Graphic novelist Chris Schweizer lives in Marietta with his family and teaches at SCAD's Atlanta outpost but spends much of his time in the past. His passion for history inspired him to write and illustrate The Crogan Adventures, an ongoing series about the centuries-spanning exploits of the Crogan family as pirates, explorers, soldiers, and more. He talks about why he made one book available for free online and whether his excellent new book, Crogan's Loyalty (Oni Press, $14.95, 180 pp), which will be published May 29, mirrors contemporary political partisanship.
Why are you so devoted to historical stories?
It really stems from personal taste, in that I love history and love researching history. Unlike my friends who have one period they like, I'll exhaust one period for about a year and then move onto another. The Crogan series was a way for me to do a series with the flexibility to change genres and time periods within the same family. When I started, I thought about Arthur Conan Doyle killing off Sherlock Holmes, and I wanted to do something that I could never envision tiring of.
What's the new book about?
Crogan's Loyalty is about two brothers on opposite sides of the American Revolution on the Kentucky/Tennessee frontier. What I really wanted to highlight with this book, especially in today's ideologically charged political atmosphere, is how the idea of the American Revolution as being an "Us vs. Them" situation is inaccurate. There were equal numbers of sympathizers on both sides. In a lot of ways, this was our first Civil War. That makes it sound like an overtly political story, but it's not. It's two teenagers fighting in the woods.
Each book has a present-day framing device of a father telling a Crogan family story to his sons. Is that based on your own life?
It really is. One of my favorite things as a kid was hearing my dad tell us about his ancestors, which include everything from bootleggers to architects. My great-grandfather started the American Association of the Blind. My great aunt was one of the first major woman science fiction writers, Andre Norton. What interested me more than anything else were the stories of my dad's childhood in Central Florida, in a part that wasn't developed at the time. Alligators often turned up. The framing sequence was actually suggested by my editor as a way of tying the stories together.
How much do you balance the humor with the straight-up action, and do you have a target readership?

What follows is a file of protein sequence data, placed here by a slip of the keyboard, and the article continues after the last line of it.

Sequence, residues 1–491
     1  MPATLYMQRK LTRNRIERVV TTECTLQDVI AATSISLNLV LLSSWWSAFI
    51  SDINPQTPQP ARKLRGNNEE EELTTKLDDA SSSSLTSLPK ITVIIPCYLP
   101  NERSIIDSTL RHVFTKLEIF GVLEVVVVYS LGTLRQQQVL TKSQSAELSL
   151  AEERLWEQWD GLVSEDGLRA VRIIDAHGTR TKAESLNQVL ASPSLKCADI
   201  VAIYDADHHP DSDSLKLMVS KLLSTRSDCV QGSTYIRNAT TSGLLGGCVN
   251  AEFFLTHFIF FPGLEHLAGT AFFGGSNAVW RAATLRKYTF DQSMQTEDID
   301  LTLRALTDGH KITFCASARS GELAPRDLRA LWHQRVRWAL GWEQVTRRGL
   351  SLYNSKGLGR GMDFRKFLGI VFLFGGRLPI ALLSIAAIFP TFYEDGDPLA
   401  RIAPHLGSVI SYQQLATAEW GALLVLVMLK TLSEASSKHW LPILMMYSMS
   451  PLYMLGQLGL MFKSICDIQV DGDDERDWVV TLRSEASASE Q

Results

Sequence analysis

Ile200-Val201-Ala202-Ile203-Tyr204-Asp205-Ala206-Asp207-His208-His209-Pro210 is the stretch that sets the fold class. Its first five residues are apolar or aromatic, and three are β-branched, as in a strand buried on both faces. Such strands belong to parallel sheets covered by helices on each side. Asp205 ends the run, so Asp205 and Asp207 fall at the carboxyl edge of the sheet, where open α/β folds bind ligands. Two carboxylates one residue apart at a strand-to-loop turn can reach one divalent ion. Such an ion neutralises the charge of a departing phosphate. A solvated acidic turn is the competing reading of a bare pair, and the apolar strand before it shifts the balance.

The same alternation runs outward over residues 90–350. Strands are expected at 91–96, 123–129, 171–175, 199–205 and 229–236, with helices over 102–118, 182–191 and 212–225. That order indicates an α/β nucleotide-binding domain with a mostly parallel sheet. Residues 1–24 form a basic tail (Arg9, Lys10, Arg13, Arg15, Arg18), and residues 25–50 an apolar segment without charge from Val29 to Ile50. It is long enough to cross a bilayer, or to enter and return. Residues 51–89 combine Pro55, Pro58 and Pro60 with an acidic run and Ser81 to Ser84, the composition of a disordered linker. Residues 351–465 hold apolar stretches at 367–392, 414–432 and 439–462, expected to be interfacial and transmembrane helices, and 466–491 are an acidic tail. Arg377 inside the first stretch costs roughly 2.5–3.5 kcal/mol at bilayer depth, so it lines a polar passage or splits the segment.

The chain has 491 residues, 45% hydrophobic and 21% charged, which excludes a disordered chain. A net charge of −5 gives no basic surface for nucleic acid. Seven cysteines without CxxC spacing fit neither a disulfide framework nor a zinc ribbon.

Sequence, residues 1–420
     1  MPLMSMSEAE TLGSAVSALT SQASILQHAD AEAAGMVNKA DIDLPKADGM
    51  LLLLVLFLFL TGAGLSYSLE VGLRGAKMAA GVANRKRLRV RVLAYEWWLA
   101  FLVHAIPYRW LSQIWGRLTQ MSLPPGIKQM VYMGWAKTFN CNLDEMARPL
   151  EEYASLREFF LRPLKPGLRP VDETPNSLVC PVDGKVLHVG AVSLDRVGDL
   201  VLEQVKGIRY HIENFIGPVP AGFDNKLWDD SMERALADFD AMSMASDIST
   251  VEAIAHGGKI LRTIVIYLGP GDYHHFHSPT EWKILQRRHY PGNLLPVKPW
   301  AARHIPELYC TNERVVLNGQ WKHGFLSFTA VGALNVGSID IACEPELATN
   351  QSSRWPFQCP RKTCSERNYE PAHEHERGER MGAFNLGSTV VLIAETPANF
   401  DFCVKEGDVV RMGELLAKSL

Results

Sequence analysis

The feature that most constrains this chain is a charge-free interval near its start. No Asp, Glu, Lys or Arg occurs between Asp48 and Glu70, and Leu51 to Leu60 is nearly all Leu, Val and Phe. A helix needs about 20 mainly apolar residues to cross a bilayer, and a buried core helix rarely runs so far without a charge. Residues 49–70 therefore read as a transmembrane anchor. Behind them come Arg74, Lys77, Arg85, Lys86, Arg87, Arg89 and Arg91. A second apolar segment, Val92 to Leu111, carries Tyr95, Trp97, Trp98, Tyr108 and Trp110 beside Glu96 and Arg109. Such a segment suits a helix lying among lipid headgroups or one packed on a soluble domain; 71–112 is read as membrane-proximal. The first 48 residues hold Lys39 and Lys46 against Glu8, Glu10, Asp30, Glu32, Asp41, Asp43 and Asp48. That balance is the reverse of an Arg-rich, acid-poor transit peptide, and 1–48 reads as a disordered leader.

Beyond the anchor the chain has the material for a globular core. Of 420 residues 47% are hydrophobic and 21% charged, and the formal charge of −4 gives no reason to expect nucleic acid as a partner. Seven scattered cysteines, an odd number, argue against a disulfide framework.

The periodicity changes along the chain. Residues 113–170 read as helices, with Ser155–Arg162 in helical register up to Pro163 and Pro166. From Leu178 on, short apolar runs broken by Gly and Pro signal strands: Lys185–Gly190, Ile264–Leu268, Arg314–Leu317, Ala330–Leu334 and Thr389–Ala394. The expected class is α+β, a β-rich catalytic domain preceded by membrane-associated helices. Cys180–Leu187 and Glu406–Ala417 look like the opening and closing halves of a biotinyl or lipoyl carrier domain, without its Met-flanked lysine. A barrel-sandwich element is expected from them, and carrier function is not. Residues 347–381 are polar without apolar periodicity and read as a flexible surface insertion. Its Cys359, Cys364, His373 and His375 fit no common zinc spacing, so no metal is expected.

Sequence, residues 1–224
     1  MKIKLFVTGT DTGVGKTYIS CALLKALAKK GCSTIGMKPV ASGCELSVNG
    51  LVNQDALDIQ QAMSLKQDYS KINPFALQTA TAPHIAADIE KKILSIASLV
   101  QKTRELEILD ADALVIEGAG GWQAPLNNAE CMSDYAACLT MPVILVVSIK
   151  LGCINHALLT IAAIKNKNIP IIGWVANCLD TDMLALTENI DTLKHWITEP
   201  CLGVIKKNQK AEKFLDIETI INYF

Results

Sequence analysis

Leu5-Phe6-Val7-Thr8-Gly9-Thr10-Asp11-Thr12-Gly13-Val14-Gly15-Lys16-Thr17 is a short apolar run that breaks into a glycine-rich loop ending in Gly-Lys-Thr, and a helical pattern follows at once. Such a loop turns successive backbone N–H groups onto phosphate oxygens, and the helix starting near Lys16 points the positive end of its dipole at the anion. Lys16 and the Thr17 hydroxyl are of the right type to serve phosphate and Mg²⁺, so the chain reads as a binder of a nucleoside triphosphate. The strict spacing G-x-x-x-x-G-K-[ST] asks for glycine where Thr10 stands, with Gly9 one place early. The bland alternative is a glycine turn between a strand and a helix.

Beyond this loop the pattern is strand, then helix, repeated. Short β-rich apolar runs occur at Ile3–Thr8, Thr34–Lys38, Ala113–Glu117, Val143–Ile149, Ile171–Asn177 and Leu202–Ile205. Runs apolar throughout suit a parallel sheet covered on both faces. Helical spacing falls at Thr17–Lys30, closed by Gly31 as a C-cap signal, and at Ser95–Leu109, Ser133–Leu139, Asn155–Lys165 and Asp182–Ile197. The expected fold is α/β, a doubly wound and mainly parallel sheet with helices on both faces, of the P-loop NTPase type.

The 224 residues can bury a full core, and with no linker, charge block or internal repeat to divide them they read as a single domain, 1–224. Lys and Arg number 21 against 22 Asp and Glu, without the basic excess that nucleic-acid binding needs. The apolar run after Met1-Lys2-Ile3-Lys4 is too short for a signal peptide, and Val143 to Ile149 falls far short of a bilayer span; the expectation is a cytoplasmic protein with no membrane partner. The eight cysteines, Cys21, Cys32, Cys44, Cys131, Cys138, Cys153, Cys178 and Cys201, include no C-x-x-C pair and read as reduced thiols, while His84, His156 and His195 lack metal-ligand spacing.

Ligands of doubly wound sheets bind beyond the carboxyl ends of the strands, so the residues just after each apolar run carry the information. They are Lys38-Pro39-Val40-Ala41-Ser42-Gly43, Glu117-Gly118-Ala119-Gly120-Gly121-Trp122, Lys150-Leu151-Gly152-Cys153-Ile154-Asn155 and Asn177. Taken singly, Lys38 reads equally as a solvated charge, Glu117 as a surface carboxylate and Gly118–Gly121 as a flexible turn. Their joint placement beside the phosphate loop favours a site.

I think of them first and foremost as adventure stories. I include humor to give a sense of ups and downs and pacing, rather than to deceive the reader into being unprepared for heavier material. Honestly, I don't write for a specific age range — which the marketing guys hate to hear. I try to write a book where, if I hadn't written it, it would be my first choice if I go into a bookstore. Books like Treasure Island, 20,000 Leagues Under the Sea, and Huckleberry Finn are written very much at an adult level. The fact that they're successful for kids is that they're ripping good yarns.
Why did you make your previous book, Crogan's March, available for free on your website through June 6?
I felt like this would be a good publishing strategy. I'm much more inclined to buy something if I already know that I like it. Crogan's March has been out a couple of years, so the people who'd buy it on a whim have probably already done so. And I think fewer people are likely to buy a French Foreign Legion comic than a pirate comic [his first book, Crogan's Vengeance]. This is a nice way for people to try the series without a financial decision.
How much research can you do for each book, and how much is factual information vs. how things looked?
It's usually a period of six to eight months, while I'm also teaching and doing other things. A lot of times the factual stuff will explain the imagery. You can see pictures of powdered wigs, but until you know they're powdered with wet flour, then you better how to draw them, how the wigs sit or move on a person's head. The more I understand something, the more comfortable I feel drawing it. I do rely heavily on movies that have reputations for being well-researched, especially for scenery. There are a lot of movies that employ substantial scholarship. Cecil B. DeMille funded most of the Egyptian academic research of his day for The Ten Commandments.
As a comics creator and a professor, do you have any predictions for the form's future?
I think the future looks good for comics as books. I think comic books as stapled periodicals are going to disappear as all but a luxury/collector's item. Printing costs are too high, and the ad revenue is not there. As an industry standard, long-form serials will go to digital. Rather than a 22-page comic out monthly, you might get one eight-page comic a week. But old-fashioned, stapled comics are basically going to be like vinyl in today's music business.